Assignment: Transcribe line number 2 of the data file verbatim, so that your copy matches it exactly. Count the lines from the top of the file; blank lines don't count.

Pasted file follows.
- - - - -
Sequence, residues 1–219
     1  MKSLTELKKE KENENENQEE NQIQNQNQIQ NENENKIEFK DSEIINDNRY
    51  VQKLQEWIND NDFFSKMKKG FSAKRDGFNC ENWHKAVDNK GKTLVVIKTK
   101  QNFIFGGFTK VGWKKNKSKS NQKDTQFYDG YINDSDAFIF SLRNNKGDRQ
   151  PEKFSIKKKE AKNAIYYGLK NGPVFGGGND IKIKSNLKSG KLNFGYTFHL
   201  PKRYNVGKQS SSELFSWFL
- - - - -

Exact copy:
     1  MKSLTELKKE KENENENQEE NQIQNQNQIQ NENENKIEFK DSEIINDNRY